The news came right before the Thanksgiving holiday, so you might have missed it. But let there be no doubt: The mutual fund investigations have now gone nuclear.
New York State Attorney General Eliot Spitzer told a U.S. Senate committee last Tuesday that he wants an entire firm “dissolved” for its role in the mutual fund-hedge fund trading shenanigans. And so does the Comptroller of the Currency, which is working to shut down the company, Security Trust, by March 31. “It’s unprecedented,” says one industry observer. “I mean, they said, ‘It’s over. You’re done.’ Amazing.”
Spitzer’s office, the SEC and the Comptroller of the Currency, working together, are seeking “an accounting, disgorgement and penalties” from Security Trust and its top executives. In essence, the regulators have declared Security Trust, a mutual fund intermediary based in Phoenix which allegedly made illegal trades on behalf hedge funds, a criminal organization—run by, well, criminals. The firm’s three top executives were charged with larceny, record falsification and fraud.
The regulators slapped Security Trust and its top executives with civil and criminal charges connected to helping hedge funds make “illegal mutual fund” trades. Security Trust is accused of masking those trades through pension plans it controls on behalf of several different hedge funds, including the much-maligned Canary Capital. And then sharing in the profits. According to the SEC, Security Trust brought in approximately $5.8 million from hedge funds through their dealings, namely through a higher custodial fee and a 4 percent profit-sharing plan. Doesn’t sound like much, but the firm is charged with facilitating Canary’s trading in 400 different mutual funds hours after the close, helping the hedge fund reap $85 million in ill-gotten profits.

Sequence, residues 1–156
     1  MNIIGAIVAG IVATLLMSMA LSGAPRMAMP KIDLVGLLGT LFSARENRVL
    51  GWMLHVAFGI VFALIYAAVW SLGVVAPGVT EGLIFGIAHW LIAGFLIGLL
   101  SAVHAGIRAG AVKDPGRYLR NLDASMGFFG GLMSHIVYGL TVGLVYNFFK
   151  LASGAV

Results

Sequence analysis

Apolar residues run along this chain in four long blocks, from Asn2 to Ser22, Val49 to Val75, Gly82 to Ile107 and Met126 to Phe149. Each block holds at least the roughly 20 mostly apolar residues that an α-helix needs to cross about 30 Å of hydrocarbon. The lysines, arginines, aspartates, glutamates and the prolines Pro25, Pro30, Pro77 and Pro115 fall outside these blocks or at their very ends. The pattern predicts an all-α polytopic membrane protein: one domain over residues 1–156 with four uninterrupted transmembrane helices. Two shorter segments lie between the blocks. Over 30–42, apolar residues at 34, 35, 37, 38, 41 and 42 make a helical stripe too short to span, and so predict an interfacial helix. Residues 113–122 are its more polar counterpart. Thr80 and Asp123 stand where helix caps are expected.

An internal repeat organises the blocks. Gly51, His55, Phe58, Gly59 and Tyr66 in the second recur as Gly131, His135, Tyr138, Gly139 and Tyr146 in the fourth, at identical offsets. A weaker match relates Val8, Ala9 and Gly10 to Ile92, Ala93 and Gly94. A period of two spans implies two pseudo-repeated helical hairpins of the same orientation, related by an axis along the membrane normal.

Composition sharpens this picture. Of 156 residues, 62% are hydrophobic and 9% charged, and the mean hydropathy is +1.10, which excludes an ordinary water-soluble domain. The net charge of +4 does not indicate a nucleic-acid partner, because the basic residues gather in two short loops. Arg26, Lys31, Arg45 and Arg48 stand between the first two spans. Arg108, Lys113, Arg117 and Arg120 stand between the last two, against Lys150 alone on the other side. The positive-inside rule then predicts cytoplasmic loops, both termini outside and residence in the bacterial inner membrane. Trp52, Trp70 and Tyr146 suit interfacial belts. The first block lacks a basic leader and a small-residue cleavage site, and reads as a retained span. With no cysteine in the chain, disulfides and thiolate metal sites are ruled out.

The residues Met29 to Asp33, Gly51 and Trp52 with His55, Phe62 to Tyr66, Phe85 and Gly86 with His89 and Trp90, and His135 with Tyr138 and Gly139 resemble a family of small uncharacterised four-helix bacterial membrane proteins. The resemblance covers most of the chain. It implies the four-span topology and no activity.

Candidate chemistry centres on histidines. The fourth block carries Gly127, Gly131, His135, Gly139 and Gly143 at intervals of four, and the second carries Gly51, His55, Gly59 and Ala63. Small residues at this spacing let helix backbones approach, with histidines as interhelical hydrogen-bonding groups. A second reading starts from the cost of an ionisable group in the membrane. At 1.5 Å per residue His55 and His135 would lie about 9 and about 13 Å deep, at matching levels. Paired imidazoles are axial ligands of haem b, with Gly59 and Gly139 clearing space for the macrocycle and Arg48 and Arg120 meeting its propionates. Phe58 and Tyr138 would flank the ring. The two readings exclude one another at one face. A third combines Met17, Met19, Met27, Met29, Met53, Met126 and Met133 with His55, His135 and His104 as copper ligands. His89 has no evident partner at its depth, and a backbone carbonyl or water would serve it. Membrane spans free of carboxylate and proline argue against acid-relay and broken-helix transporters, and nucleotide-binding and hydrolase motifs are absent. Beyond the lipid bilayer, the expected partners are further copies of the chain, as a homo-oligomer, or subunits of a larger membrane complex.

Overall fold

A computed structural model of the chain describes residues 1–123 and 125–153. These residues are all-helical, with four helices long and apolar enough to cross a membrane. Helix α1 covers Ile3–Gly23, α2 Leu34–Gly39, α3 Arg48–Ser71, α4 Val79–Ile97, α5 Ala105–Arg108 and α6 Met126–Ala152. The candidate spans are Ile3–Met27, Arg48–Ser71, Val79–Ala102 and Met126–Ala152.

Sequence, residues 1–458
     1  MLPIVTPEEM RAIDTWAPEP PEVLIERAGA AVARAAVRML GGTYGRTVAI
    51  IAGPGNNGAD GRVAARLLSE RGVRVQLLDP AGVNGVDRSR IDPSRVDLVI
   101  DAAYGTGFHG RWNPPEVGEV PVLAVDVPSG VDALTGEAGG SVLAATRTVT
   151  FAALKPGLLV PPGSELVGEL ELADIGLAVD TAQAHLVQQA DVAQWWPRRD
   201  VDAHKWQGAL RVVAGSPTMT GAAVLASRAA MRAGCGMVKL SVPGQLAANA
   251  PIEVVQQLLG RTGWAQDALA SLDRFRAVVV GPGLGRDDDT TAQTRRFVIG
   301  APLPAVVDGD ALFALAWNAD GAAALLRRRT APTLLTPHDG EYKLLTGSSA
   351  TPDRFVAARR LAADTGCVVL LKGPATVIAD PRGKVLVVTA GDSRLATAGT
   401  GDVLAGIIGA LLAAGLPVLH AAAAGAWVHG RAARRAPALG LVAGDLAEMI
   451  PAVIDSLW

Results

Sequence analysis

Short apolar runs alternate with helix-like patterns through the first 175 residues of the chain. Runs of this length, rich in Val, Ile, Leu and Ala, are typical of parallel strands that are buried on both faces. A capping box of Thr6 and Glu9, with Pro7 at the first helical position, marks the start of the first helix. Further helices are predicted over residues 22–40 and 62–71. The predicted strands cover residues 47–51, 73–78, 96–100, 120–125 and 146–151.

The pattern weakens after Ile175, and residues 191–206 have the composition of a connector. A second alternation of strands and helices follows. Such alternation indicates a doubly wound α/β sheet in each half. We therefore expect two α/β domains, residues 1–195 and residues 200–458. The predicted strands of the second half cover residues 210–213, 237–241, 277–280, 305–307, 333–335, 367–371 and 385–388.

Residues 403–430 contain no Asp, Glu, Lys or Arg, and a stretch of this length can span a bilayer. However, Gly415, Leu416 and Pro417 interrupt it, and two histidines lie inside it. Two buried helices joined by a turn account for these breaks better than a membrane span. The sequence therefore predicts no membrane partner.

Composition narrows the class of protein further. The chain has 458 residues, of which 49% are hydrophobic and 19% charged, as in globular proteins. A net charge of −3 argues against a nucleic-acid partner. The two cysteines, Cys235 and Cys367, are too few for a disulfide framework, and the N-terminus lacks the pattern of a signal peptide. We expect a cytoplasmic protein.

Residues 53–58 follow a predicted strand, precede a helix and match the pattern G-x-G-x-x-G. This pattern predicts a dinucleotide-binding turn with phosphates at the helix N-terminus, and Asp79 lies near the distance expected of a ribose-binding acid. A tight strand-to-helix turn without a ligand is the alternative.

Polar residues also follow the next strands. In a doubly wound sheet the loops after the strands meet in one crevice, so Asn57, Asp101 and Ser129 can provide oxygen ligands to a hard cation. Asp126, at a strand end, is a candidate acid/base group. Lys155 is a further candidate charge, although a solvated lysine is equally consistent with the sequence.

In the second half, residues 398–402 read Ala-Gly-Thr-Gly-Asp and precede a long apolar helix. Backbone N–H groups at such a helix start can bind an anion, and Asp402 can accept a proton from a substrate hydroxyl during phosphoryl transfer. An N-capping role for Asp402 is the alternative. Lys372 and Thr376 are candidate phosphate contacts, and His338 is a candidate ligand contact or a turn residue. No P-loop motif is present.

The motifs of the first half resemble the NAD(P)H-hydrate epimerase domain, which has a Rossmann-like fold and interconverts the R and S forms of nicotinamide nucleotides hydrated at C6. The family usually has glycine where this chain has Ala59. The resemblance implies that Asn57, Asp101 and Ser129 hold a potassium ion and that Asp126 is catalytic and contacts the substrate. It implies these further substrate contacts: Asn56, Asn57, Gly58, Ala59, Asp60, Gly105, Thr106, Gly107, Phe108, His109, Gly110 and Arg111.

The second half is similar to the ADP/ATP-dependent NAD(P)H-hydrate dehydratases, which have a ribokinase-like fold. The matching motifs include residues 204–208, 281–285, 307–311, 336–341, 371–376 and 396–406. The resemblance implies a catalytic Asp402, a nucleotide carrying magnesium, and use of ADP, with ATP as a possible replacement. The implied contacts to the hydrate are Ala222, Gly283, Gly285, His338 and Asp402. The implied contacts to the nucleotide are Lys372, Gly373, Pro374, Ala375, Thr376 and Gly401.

Some observers believe the regulators are coming down hard on Security Trust because the staid, fiduciary nature of its business magnifies the seriousness of its alleged offenses. Investors view trust firms as bastions of investment safety and conservatism, and in this context, abuses like market timing and late trading for a favored client become even greater betrayals of investor trust than similar abuses at other investment firms.
Security Trust served as custodian for more than 2,500 retirement plans and around $12 billion in retirement assets and is the largest independent trust company. Its role is as a conduit between pension plans and fund companies, and its arrangement with more than 200 fund families gives it access to more than 5,000 different funds. Its relationship with Canary gave that mutual fund the ability to trade after the 4:00 p.m. close using Security Trust’s extensive platform, provided that Security would mask the transactions.
Representatives at Security Trust were unavailable for comment. But the whole story could be summed up in the words of Spitzer, speaking in front of a Senate panel last week: “The company is history.”
Read the SEC’s complaint against Security Trust and its executives here: http://www.sec.gov/litigation/litreleases/lr18479.htm